Gerrard laughed off the comment saying: 'I’m a big fan of Zlatan as a player but I’m not going to take his advice.

'I am very happy at Liverpool and in my opinion I am at one of the biggest clubs in the world, a team that has won the European Cup five times. So I’m happy where I am, but thanks for his opinion.'

Leading the way: Gerrard is set to captain England on Wednesday night

Leading the way: Gerrard is set to captain England on Wednesday night

Patrick Collins: Why do we put up with these obscenities just because it"s football?

Why do we put up with these obscenities just because it's football

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UPDATED:

00:08 GMT, 11 November 2012

Their team had just dropped two points at Swansea and they were no longer top of the Premier League.

Yet the Chelsea fans were in high spirits as they boarded the 19.28 to Paddington last Saturday.

For there were songs to sing, drinks to drink and tales to tell on the long journey home.

Boorish behaviour: Chelsea fans caused train consternation

Boorish behaviour: Chelsea fans caused train consternation

A young woman sat in a seat by a window. She was surrounded by a party of 15 portly, middle-aged fans.

The man next to her, already stupid
with booze, started to swallow cans of strong cider. The others, equally
thirsty, exchanged crude, raucous jokes; most concerning Jimmy Savile,
all featuring the c-word, over and over again.

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As the drink slurped down, they bellowed a ditty about the Welsh abusing sheep. More cackling, more profanity.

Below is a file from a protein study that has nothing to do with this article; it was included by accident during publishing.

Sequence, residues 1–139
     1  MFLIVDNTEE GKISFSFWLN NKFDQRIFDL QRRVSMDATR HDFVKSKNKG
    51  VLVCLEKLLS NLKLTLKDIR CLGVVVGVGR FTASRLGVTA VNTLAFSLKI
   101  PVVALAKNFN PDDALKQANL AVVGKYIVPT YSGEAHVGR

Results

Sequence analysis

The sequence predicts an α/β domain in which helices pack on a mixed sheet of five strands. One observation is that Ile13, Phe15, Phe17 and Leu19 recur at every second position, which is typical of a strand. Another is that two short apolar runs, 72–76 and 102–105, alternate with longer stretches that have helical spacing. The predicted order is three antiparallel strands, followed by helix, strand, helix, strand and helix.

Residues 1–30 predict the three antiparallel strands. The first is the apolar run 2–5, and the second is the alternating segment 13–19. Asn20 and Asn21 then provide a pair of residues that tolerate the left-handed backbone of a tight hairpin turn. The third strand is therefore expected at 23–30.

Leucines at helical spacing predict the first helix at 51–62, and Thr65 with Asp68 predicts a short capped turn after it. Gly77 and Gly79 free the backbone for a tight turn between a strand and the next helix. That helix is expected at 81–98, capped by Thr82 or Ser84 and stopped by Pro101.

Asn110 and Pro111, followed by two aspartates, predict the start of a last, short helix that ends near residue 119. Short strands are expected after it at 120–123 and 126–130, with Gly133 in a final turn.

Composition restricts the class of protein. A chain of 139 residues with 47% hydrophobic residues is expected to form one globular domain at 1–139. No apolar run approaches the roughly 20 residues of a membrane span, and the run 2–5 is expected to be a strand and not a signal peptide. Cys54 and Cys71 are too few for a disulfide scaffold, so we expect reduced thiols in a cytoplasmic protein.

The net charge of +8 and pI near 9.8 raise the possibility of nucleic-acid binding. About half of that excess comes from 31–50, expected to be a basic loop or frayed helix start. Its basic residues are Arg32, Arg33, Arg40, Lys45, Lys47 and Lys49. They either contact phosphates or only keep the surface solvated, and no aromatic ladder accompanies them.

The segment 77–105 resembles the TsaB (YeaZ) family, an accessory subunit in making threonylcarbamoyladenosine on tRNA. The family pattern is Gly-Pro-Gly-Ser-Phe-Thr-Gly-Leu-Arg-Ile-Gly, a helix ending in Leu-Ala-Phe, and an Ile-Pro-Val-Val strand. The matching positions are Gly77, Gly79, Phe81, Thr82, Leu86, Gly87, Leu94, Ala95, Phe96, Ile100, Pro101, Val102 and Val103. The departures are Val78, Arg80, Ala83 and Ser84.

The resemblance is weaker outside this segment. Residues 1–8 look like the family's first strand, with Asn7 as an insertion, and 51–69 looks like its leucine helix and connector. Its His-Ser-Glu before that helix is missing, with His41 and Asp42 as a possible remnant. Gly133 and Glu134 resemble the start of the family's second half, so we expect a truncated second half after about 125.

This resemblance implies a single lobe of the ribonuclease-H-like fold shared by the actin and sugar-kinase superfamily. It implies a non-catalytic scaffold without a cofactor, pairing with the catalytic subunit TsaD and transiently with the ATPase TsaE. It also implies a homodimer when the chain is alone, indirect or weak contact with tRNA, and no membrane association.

Along the carriage sat a mother, anxiously nursing a baby and a toddler.

Other 'civilians' boarded the train at Cardiff, including a nervous, elderly couple who were visiting relations in London.

All were forced to endure the singing and the swearing.

/11/10/article-2231159-0B5874E4000005DC-805_224x423.jpg” width=”224″ height=”423″ alt=”Facing flack: Dave Jones” class=”blkBorder” />

Facing Flack: Arsene Wenger

Under fire from morons: Dave Jones (left) and Arsene Wenger

Then there are the songs about Auschwitz, heard on certain London grounds and intended to taunt the followers of Tottenham.

It is impossible to imagine the mind capable of conceiving a song about a death camp.

In fairness, it is equally impossible to comprehend the Spurs supporters who, despite being overwhelmingly non-Jewish, have cast themselves as the 'Yid Army'.

With its overtones of Oswald Mosley and his vile slogans of the Thirties, it is a term fit to keep squalid company with the n-word.

And yet it is regularly sung at White Hart Lane, in an apparent attempt to appear ironic.

They are, it seems, 'reclaiming' the calumny, 'embracing' the slur.

The club explain: 'Our fans adopted the chant as a defence mechanism in order to deflect anti-Semitic abuse. They do not use the term to cause any offence, they use it as a chant among themselves.'

Thus do Tottenham render themselves pathetic in their desire to pander to dullards.

And so the game, the national game, flounders in a moral swamp.

Songs about Auschwitz, wickedly baseless accusations of paedophilia; ordinary people would deem them unthinkable but football dismisses them as merely 'tribal', robust examples of what it is pleased to call 'banter'.

Pandering to dullards: Spurs fans proud to be a 'Yid Army'

Pandering to dullards: Spurs fans proud to be a 'Yid Army'

Sanitised by Sky and protected by the brazen self-interest of the Premier League, it exists in its own bubble, observes its own code.

Those of us who had hoped that football might be impressed by the civilised example of the London Olympic crowds were swiftly disabused.

Athletics, cycling, swimming: who's interested Where's the passion No, mate; football could buy and sell that lot.

You see, football really matters.

And it is that charmless arrogance which inspires moronic delusions.